Destricted images
Marina Abramovic

Marina Abramovic: Balkan Erotic Epic, © 2005, Marina Abramovic



HOIST © 2004 Matthew Barney

HOIST © 2004 Matthew Barney, Photo: Chris Winget


Art and sex. A good mixture, isn't it? If you like the idea (and if you already have the legal age to attend these subjects) perhaps you would like to take a look to DESTRICTED.

Essentially, DESTRICTED is a series of seven shorts with a more or less explicitly pornographic content, directed by quite famous names in the contemporary artistic scene, and not indeed lacking in experience in the Art of the provocation (remember the controversy created by the photos of a naked preadolescent Brooke Shields taken by Richard Prince) as Marina Abramovic, Larry Clark or Gaspar Noé. The shorts were first exhibited in the last Sundance Film Festival, and they will be exhibited again -this time in Europe- in the beginning of September in the Tate Gallery of London, just before going onto DVD, although some copies can already be in a "not too legal" way.

As it's habitual in a group of works by so different directors, the final results are quite unequal. For example, Balkan Erotic Epic , by Marina Abramovic, is a suggestive trip to the Balkan folklore in an erotic way, without resigning the beauty of the local landscapes, giving the series a necessary dose of humour. On the other hand, Death Valley , by Sam Taylor-Wood, consists basically of a man who travels to the desertical, scorching Death Valley and masturbates for several minutes. At the end, the man is clearly exhausted- so is the spectator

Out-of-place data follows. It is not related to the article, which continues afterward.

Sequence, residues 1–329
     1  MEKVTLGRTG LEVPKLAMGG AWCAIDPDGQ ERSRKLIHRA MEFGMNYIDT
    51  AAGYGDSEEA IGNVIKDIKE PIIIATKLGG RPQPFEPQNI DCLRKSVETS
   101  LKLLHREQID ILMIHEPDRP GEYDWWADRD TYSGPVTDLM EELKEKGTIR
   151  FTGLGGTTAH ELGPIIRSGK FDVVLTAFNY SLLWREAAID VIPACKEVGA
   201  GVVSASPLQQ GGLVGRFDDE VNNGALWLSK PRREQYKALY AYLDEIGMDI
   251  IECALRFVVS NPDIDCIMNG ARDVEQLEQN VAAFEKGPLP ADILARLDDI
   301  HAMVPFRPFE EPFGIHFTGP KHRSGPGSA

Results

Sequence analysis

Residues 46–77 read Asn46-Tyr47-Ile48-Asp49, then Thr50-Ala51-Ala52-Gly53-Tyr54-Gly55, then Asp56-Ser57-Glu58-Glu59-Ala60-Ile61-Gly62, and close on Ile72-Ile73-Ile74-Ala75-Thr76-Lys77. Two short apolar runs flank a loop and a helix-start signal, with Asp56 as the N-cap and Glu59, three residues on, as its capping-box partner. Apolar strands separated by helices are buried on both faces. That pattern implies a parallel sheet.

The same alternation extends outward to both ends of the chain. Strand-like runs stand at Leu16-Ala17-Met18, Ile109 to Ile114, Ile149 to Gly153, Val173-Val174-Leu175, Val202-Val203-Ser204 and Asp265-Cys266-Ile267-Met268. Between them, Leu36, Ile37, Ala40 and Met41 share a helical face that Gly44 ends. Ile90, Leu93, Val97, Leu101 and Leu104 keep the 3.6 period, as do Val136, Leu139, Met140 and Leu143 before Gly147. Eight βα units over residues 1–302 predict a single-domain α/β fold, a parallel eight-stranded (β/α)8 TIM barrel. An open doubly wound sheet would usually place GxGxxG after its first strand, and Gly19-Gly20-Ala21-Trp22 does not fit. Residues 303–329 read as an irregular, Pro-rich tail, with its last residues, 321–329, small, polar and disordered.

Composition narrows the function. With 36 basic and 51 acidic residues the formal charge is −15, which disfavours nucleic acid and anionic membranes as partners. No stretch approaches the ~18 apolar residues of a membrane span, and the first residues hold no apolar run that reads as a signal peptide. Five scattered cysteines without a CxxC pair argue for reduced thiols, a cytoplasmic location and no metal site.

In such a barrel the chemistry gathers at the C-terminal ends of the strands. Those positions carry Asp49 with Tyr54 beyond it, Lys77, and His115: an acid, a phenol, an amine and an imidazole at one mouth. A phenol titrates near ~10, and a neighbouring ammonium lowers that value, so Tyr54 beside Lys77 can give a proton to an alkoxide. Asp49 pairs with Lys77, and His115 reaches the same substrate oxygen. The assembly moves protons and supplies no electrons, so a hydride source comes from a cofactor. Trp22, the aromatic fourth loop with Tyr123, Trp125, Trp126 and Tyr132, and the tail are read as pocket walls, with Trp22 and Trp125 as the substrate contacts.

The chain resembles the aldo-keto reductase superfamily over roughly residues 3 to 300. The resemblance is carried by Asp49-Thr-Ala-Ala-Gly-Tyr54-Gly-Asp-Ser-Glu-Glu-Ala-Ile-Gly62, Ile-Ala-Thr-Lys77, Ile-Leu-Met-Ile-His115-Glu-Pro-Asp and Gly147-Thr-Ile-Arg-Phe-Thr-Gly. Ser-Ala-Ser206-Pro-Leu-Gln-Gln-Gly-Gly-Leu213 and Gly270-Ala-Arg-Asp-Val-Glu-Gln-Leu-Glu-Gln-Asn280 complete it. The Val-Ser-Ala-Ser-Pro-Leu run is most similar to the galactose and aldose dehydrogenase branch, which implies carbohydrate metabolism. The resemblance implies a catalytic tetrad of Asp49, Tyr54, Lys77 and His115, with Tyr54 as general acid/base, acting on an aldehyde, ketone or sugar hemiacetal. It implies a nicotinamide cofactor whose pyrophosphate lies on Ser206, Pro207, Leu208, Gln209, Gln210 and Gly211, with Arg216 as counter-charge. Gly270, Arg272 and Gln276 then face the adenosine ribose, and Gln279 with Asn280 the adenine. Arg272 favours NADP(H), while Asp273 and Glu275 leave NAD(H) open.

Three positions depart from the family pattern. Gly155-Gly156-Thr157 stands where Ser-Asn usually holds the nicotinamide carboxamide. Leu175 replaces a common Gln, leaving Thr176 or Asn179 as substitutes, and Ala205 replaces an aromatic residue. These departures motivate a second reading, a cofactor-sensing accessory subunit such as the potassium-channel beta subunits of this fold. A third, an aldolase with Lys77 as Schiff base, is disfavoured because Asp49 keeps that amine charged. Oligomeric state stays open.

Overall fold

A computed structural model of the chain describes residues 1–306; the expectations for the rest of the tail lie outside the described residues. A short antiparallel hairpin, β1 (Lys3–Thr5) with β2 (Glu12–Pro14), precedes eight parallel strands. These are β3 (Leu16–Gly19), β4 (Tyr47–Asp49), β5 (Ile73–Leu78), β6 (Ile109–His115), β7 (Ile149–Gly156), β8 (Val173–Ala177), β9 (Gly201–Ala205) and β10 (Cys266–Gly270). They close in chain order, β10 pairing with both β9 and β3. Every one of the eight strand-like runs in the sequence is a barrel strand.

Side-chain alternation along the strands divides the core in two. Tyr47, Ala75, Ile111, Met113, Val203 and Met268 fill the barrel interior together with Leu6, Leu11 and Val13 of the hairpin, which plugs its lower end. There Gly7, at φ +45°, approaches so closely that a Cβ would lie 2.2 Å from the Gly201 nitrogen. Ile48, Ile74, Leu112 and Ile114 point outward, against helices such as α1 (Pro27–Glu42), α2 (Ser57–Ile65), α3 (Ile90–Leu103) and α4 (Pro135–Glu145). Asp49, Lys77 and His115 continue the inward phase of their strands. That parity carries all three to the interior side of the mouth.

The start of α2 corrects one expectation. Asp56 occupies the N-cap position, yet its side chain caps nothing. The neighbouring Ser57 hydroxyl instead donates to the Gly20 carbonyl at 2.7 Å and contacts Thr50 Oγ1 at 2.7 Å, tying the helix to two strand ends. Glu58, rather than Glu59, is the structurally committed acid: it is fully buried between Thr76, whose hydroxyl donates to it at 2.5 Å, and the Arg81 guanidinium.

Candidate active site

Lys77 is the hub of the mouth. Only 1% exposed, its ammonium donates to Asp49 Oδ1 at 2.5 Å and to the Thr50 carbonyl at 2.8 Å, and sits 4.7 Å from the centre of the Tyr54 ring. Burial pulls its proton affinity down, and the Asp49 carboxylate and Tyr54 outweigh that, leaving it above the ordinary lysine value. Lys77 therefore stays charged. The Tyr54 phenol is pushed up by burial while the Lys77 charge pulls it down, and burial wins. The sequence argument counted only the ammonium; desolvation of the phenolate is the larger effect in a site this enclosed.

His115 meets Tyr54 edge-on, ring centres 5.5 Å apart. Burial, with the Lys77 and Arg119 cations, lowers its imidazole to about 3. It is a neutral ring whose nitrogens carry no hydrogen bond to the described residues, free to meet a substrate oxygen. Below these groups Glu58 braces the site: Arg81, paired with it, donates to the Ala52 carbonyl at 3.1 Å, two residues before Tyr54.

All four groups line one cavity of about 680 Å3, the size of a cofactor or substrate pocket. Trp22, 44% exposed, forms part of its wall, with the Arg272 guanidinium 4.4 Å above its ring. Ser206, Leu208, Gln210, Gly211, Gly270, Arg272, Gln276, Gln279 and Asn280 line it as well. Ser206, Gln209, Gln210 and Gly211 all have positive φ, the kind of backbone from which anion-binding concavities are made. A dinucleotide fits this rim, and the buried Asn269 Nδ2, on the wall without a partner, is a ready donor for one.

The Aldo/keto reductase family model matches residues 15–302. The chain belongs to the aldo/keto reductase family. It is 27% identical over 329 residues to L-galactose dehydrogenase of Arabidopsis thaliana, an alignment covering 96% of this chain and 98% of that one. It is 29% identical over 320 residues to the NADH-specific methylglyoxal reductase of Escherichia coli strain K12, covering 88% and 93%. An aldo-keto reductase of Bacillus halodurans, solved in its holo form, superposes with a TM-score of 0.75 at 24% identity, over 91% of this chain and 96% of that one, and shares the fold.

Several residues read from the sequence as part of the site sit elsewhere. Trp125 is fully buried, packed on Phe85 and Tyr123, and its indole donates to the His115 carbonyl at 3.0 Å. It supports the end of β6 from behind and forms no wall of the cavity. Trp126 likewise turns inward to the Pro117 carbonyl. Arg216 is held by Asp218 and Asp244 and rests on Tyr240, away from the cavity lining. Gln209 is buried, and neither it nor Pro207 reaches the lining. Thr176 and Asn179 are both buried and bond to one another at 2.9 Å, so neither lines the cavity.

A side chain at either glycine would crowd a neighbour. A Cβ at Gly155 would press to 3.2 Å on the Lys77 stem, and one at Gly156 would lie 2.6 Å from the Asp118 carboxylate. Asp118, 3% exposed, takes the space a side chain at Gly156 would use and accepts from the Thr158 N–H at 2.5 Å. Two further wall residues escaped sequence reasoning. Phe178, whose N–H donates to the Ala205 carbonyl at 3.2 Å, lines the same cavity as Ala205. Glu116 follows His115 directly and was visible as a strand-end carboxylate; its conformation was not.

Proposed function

It is quite clear that what DESTRICTED seek is the Art of provocation. A provocation that can be reached by multiple ways. The strange makeup of Hoist (Matthew Barney) in which a man maintains sexual relations (or something similar to it) with a strange industrial vehicle contrasts with the explicit images of Impaled or House Call . In an exhaustive challenge for the perception, Sync by Marco Brambilla reunites in only three minutes several hundreds of pornographic scenes lasting only half a second or so (something similar to the famous and controversial final pic in Fight Club ). The result clearly contrasts with We f-k alone , by Gaspar Noah, and its explicit and direct images.

As you can guess, a work as DESTRICTED will not be the right choice to many audiences, but, beyond his more or less debatable quality, it deserve to be taking in consideration for its brave attempt to break one of the taboos that still remain anchored to the apparently liberalized Art world.


In the Tate Gallery September 6th - 13th

In DVD, September 25th

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